image file: c5ra06783a-f1.tif
Fig. 1 Deposition of (PAH–TA)4 films on gold modified quartz crystals in the presence of 50 mM sodium acetate buffer at pH = 5.0. The film was further exposed to 10 mM NaIO4 and to HCl at 0.1 M as indicated with black vertical lines. The final rinse with sodium acetate buffer is also indicated whereas the buffer rinsing steps after the reaction with NaIO4 and HCl are omitted for clarity. Each injection step of PAH and TA is indicated with a red and purple line respectively. The reduced frequency changes of the quartz crystal were followed at the third (image file: c5ra06783a-u1.tif), the fifth (image file: c5ra06783a-u2.tif) and seventh overtone (image file: c5ra06783a-u3.tif) of the fundamental resonance frequency by means of QCM-D.

When such films were put in the presence of 0.1 M HCl or 0.1 M NaOH solutions they underwent a rapid (less than 2 min) and almost quantitative desorption from the substrate (see Fig. 2, the corresponding QCM-D experiments are shown in Fig. 1 of the ESI). This can be easily explained on the basis of the weak polyelectrolyte behaviour of TA and PAH. Under acidic conditions TA is fully protonated and uncharged, interacting weakly or not at all with the fully protonated and positively charged PAH. At high enough pH, typically above the average pKa of PAH, TA is fully deprotonated and negatively charged whereas PAH is unprotonated and non charged. Hence in these very acidic (pH ∼ 1) and very basic solutions (pH ∼ 13) the electrostatic interactions between PAH and TA, which allowed for the deposition of the film at pH = 5, are disrupted and the films disintegrate. By means of UV visible spectroscopy, we showed that the (PAH–TA)4 film deposited at pH = 5.0 remain stable when subsequently immersed in solutions of pH between 4 and 9 (data not shown) but decompose rapidly at pH < 4 and at pH > 9. However, when the (PAH–TA)4 films are put in the presence of a sodium periodate solution at 10 mM during 5 min and further exposed to HCl or NaOH at 0.1 M (with pH close to 1 and 13 respectively), no film erosion is observed (Fig. 1 and 2 in the ESI). Hence the (PAH–TA)n films become stable in a very broad range of pH values. The stability of the thicker (PAH–TA)8 films was further confirmed by means of ellipsometry measurements for films deposited on Si wafers: no film dissolution was found after 5 min of contact with 10 mM NaIO4 and further exposure to 0.1 M HCl (Fig. 2). However complete film dissolution was observed for untreated films (Fig. 2) after exposure to a 0.1 M HCl solution.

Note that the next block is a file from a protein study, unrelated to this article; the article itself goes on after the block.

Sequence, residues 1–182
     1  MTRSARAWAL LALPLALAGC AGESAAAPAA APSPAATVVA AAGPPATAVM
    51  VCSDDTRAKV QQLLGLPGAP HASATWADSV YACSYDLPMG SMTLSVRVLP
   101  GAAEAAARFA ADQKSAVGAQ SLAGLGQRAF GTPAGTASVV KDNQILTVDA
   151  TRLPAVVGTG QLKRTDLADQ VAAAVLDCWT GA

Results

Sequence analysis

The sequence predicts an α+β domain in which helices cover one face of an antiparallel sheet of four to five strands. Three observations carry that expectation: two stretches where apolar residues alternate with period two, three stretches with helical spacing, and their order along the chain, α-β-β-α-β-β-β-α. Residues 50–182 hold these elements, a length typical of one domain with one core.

image file: c5ra06783a-f2.tif